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Wednesday, October 1, 2014 |  Madison, WI: 62.0° F  Overcast
Arts
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What a way to go
Inspector Lynley crumbles on his way out the door
on
Lynley starts this season a wreck.
Lynley starts this season a wreck.

Mystery! just ended "Foyle's War" with a yawn. The "Inspector Lynley" series also ends this summer, but what a difference. This week's episode, the second-to-last (Sunday, 8 p.m., PBS), is almost unbearably tense and tragic.

When "Inspector Lynley" began in 2001, Det. Thomas Lynley (Nathaniel Parker) was a cool customer. Handsome, reserved, upper-crust - he was born on top of the world and seemed destined to stay there. But cracks slowly appeared in his faade, and by now it has completely crumbled. Lynley's wife was murdered right in front of him, and he starts this season a wreck. He's on leave from the force, drinking himself to death and seeing a psychologist. "She asked me to draw my grief," he tells his loyal partner, Det. Havers (Sharon Small).

Clearly, it will take more than drawing to pull Lynley out of his pit. It will take the discovery of a corpse - that of a little boy who disappeared 12 years ago. Lynley is a friend of the boy's parents, and he throws himself into this cold case. It soon heats up again, spectacularly so, and Lynley himself gets burned. Before he knows it, a woman mysteriously dies and he's accused of her murder.

No, our hero will not be allowed to make a graceful exit. Fasten your seatbelts; the series finale is Aug. 17.

Olympics Opening Ceremonies

Friday, 7 pm (NBC)

Once again, the Olympics sets up shop in a repressive country. The choice of China for the summer games has sparked worldwide outrage, and the touchy Chinese authorities may not be able to keep a lid on dissent as the international community floods into Beijing. Some of the fastest times all week may be clocked by protesters fleeing government goons.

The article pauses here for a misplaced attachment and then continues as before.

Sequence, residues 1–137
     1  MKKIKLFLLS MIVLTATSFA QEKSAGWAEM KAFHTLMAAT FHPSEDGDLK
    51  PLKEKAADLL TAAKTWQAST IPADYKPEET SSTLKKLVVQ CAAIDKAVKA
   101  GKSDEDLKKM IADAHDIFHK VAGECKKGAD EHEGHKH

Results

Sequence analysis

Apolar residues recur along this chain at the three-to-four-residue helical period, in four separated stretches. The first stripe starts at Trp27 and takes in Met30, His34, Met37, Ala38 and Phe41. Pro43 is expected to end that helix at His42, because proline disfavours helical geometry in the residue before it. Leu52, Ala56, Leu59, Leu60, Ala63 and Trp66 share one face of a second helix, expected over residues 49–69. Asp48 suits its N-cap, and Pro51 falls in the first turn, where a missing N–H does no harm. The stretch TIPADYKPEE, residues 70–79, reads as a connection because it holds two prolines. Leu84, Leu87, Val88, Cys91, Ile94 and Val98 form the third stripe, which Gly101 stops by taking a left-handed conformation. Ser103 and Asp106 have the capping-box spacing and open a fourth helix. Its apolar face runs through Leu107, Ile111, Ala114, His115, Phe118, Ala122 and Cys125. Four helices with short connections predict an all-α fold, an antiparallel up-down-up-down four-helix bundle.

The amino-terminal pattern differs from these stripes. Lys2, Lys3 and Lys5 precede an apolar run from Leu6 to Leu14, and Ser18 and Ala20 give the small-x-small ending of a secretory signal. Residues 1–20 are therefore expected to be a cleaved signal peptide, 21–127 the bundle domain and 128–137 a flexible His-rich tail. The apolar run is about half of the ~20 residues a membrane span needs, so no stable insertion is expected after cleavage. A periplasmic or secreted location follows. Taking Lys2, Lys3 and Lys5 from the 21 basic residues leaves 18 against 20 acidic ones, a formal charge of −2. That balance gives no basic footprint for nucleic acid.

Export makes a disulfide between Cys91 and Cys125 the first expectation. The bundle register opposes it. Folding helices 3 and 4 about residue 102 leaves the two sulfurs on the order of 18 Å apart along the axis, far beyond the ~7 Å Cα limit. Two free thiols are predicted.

True Confessions of a Hollywood Starlet

Saturday, 8 pm (Lifetime)

Joanne "JoJo" Levesque walks, talks and acts like Lindsay Lohan in a TV movie about a teen actress who parties till she drops - literally, face first on the red carpet. Morgan is rushed to rehab, then to Indiana to live incognito with her regular-gal aunt (Valerie Bertinelli). You can connect the dots from there. Morgan begins her Midwestern adventure snobby and cynical, but slowly warms to normal life. The Indiana dreamboat arrives right on cue.

The plot offers no surprises, but the performances are another story. Everybody sparkles, particularly Levesque. The script supplies her with two hours of clueless (make that Clueless) dialogue, and she makes the most of it. "Can I sign for it?" she blithely asks a mean lunch lady when caught at the cafeteria cash register with no money.

If the real Lindsay Lohan were this amusing, I'd be glued to the E! network for daily updates.

The American Mall

Monday, 8 pm (MTV)

MTV offers a High School Musical of its own, set in the world's singing-est, dancing-est mall. Ally (Nina Dobrev) labors in her mom's failing music store, with secret dreams of being a sensitive singer-songwriter. A hunky janitor (Rob Mayes) hears her warbling after hours and emerges as her artistic soul mate. We're supposed to be swept up in the wonder of it all, despite the trashy earnestness of their collaboration. "When gray meets light it creates new colors/That stay lost inside till they find each other!" they sing, marveling at each other's marvelousness.

Full disclosure: I was swept up in the wonder of it all. If The American Mall is trash, at least it's energetic trash. The performances are snappy, the setting crackles with food-court verisimilitude, and the production numbers will have you tapping your Payless ShoeSource loafers.

Set your critical faculties to "off," crack open a fresh carton of Cinnabons, and enjoy.

Million Dollar Listing

Tuesday, 9 pm (Bravo)

This reality series about high-stakes L.A. real estate introduces us to "three agents and three egos." You'll notice they didn't say "three agents and three hearts." Hearts, of course, would just get in the way as these operators scramble to sell their million-dollar properties. Hey, if they didn't make their six-figure commissions, how would they afford classy cars, partners and pants?

Yes, pants. Twenty-one-year-old Josh informs his friends that he's wearing $600 jeans. (If you don't tell them, how will they know to be impressed?) Josh is shocked to learn that a wealthy friend has died, but not so shocked that he forgets to calculate how it might benefit him. "I'm sure they're going to sell the house," he says, lurching for his cell phone. "Never miss a business opportunity!"

Madison seems to have been chosen simply for his stunning good looks. He claims to be omnisexual: "Men, women, whatever." (TV critics?)

Then there's Chad, a self-important dweeb with a stuffed-up nose and no trace of humanity. He reveals that other kids laughed at him in school, but he's vowed never to let it happen again. "The way to do that is to get as wealthy as I can and as powerful as I can."

I'd tell him how thoroughly he's failed if I weren't laughing so hard.

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